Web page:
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Rieger T.,Jülich Research Center | Rieger T.,Julich Aachen Research Alliance for Fundamentals of Future Information Technology JARA FIT | Schapers T.,Jülich Research Center | Schapers T.,Julich Aachen Research Alliance for Fundamentals of Future Information Technology JARA FIT | And 4 more authors.
Crystal Growth and Design | Year: 2014

We present a novel type of core-shell nanowires in which only certain parts of the core are covered by the shell. This is achieved by the crystal phase selective growth of the InAs shell on zinc blende GaAs nanowires with controlled wurtzite inclusions. The shell grows on the zinc blende phase, but its growth is hindered on the wurtzite crystal phase. Nucleation of InAs occurs exclusively on the zinc blende GaAs regions. The wurtzite segments are placed inside self-catalyzed GaAs nanowires by partially consuming and refilling the Ga droplet. The crystal phase selective growth of InAs on the side facets of the GaAs nanowires is explained by the local environment of each new In atom. Because of unbalanced neighbors on the wurtzite side facets, the growth of a highly lattice mismatched material is hindered. This happens not only on the wurtzite segments, but also on regions being characterized by a high density of twins. © 2014 American Chemical Society.


Rieger T.,Jülich Research Center | Rieger T.,Julich Aachen Research Alliance for Fundamentals of Future Information Technology JARA FIT | Lepsa M.I.,Jülich Research Center | Lepsa M.I.,Julich Aachen Research Alliance for Fundamentals of Future Information Technology JARA FIT | And 4 more authors.
Journal of Crystal Growth | Year: 2013

The control of the Ga droplet during the MBE growth and its impact on the crystal structure of self-catalyzed GaAs nanowires (NWs) were investigated. The consumption of the droplet proceeds in two steps. First, the contact angle decreases to 901 keeping the NW diameter constant. The crystal structure changes from zinc blende (ZB) to wurtzite (WZ). Then, the contact angle keeps constant while the top radius of the NW decreases and the NW grows again in ZB configuration. During the last step, {110}, {211}B and {100} facets develop at the top. Calculations show that the Ga desorption from the droplet has to be taken into account during its consumption. With this information, several WZ segments of different lengths were placed into ZB GaAs NWs via partial droplet consumption. For this purpose, we supplied As and Ga separately, in order to partially consume and refill the Ga droplet. The same mechanism was applied to self-catalyzed InAs NWs resulting in short WZ segments inserted in a ZB twinning superlattice. © 2012 Elsevier B.V. All rights reserved.


Rieger T.,Jülich Research Center | Rieger T.,Julich Aachen Research Alliance for Fundamentals of Future Information Technology JARA FIT | Heiderich S.,Jülich Research Center | Heiderich S.,Julich Aachen Research Alliance for Fundamentals of Future Information Technology JARA FIT | And 7 more authors.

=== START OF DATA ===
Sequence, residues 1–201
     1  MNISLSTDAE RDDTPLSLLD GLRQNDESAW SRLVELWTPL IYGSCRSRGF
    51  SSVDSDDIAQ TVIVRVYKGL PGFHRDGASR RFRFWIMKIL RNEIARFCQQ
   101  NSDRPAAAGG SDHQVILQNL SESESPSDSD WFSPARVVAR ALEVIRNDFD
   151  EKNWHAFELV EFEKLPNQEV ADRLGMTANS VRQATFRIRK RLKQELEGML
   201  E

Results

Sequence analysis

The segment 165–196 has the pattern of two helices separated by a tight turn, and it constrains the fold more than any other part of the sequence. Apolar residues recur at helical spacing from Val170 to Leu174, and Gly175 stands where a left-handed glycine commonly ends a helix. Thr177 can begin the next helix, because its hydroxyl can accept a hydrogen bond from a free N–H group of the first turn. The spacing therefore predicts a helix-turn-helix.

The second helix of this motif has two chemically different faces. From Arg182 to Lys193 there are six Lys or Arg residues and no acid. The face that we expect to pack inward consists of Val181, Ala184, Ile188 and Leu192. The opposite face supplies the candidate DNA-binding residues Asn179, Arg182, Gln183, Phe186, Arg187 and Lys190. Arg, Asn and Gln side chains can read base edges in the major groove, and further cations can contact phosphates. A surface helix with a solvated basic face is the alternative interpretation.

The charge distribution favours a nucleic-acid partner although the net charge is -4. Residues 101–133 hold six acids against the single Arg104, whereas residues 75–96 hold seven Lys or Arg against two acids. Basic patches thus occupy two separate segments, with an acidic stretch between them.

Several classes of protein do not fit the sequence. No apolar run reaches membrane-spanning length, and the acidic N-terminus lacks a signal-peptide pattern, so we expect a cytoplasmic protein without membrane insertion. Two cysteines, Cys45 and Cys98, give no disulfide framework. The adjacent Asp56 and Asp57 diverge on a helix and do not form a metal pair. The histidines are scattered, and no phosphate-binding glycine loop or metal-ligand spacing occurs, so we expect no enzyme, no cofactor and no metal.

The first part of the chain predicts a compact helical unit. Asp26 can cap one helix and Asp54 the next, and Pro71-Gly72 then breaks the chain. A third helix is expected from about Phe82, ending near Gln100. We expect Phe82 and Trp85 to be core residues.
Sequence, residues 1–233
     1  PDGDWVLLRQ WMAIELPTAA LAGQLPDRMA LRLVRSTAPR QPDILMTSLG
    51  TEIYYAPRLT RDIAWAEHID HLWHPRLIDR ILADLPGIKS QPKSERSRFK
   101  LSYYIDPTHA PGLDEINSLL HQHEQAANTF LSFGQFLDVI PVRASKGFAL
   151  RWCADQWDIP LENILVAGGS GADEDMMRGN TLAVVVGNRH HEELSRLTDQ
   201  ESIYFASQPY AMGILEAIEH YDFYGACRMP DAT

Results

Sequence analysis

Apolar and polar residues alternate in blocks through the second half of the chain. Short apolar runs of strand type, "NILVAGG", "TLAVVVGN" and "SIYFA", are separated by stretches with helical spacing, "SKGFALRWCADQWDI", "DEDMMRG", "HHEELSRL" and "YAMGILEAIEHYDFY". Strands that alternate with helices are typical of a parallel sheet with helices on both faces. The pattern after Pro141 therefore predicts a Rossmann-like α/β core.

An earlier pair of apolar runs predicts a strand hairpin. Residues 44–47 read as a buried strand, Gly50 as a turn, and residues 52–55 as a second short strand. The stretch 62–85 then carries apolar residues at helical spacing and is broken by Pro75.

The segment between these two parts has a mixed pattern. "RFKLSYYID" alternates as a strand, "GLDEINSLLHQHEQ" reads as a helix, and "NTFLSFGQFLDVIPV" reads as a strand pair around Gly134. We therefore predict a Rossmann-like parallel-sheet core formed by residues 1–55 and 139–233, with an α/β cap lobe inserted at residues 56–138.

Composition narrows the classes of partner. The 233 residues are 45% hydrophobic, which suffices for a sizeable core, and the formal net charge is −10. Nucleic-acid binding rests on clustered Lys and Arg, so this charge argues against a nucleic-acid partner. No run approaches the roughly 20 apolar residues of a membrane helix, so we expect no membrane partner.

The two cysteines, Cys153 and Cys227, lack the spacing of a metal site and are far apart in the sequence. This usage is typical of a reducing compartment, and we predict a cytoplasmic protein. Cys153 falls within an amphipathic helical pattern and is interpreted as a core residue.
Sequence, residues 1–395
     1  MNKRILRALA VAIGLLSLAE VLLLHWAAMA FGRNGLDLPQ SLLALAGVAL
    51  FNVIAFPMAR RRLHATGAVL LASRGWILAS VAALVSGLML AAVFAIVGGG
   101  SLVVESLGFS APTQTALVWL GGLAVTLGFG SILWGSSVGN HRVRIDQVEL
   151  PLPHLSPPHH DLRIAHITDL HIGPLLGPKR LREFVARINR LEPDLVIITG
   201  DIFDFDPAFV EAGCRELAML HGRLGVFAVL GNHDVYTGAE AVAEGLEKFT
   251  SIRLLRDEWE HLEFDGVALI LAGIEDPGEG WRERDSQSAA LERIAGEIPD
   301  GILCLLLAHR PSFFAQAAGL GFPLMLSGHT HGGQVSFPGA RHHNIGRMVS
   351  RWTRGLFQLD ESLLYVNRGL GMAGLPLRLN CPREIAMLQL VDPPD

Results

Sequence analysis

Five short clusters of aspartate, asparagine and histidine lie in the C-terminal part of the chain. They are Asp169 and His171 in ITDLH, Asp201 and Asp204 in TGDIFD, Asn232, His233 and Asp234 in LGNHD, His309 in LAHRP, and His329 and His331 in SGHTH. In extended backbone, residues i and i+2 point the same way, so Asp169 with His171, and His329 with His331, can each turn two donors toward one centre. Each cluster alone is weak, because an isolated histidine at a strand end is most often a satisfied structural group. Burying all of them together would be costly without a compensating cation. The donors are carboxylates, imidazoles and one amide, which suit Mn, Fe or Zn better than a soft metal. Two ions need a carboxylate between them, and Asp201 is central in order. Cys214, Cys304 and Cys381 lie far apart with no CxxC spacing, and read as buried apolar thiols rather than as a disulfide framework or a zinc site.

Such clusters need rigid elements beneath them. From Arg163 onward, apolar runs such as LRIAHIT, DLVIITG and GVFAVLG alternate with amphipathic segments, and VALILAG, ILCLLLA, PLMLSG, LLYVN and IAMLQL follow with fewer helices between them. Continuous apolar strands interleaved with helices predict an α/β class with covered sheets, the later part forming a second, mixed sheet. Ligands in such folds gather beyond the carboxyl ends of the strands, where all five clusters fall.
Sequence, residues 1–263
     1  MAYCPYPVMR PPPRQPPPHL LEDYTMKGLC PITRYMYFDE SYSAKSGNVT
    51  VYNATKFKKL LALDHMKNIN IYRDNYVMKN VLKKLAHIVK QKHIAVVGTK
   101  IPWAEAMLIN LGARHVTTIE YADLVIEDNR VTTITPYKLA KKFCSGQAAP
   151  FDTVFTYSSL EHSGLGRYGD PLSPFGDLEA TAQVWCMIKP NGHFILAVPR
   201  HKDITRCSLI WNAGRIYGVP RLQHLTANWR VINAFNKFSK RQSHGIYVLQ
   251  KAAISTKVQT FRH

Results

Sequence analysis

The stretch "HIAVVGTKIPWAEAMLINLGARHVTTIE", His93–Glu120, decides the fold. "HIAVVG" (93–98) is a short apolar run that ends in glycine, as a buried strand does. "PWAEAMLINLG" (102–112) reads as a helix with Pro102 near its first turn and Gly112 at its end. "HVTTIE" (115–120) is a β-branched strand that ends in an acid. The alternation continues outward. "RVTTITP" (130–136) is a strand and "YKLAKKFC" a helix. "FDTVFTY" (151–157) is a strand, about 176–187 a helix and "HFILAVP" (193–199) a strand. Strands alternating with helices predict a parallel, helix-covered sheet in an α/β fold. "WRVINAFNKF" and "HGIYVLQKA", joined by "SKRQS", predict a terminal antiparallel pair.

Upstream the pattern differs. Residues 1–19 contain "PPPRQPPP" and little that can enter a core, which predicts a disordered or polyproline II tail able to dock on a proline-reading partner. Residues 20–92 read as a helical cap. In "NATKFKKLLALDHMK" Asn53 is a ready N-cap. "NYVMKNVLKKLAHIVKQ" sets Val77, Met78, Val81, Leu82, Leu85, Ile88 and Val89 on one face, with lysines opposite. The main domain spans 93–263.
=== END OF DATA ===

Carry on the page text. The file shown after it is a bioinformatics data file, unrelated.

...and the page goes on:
Journal of Crystal Growth | Year: 2012

We present detailed results about the molecular beam epitaxy (MBE) growth of GaAs nanowires (NWs) on GaAs (111)B substrates prepared for the growth by a new method using hydrogen silsesquioxane (HSQ). Before the growth, HSQ is converted to SiO x by thermal treatment. The NWs are grown via the vapor-liquid-solid (VLS) mechanism. The influence of five growth parameters are described: SiO x thickness, growth time, substrate temperature and Ga and As 4 beam fluxes. It is shown that the nanowire density can be tuned by two orders of magnitude by adjusting the SiO x thickness. Additionally, the results demonstrate that the axial growth is controlled by the As 4 beam flux whereas the lateral growth is controlled by the Ga beam flux. The observed NW tapering is mainly determined by the V/III beam flux ratio. Our study gives important information about the VLS growth mechanism, which is extended by considering the secondary adsorption process of Ga adatoms. The nanowires have predominantly zinc blende crystal structure with rotational twins. A wurtzite segment is always found at the top of the NWs being associated with the growth after the Ga shutter has been closed. © 2012 Elsevier B.V. All rights reserved.


Rieger T.,Jülich Research Center | Rieger T.,Julich Aachen Research Alliance for Fundamentals of Future Information Technology JARA FIT | Rosenbach D.,Jülich Research Center | Rosenbach D.,Julich Aachen Research Alliance for Fundamentals of Future Information Technology JARA FIT | And 10 more authors.
Nano Letters | Year: 2016

We demonstrate the growth and structural characteristics of InAs nanowire junctions evidencing a transformation of the crystalline structure. The junctions are obtained without the use of catalyst particles. Morphological investigations of the junctions reveal three structures having an L-, T-, and X-shape. The formation mechanisms of these structures have been identified. The NW junctions reveal large sections of zinc blende crystal structure free of extended defects, despite the high stacking fault density obtained in individual InAs nanowires. This segment of zinc blende crystal structure in the junction is associated with a crystal phase transformation involving sets of Shockley partial dislocations; the transformation takes place solely in the crystal phase. A model is developed to demonstrate that only the zinc blende phase with the same orientation as the substrate can result in monocrystalline junctions. The suitability of the junctions to be used in nanoelectronic devices is confirmed by room-temperature electrical experiments. © 2016 American Chemical Society.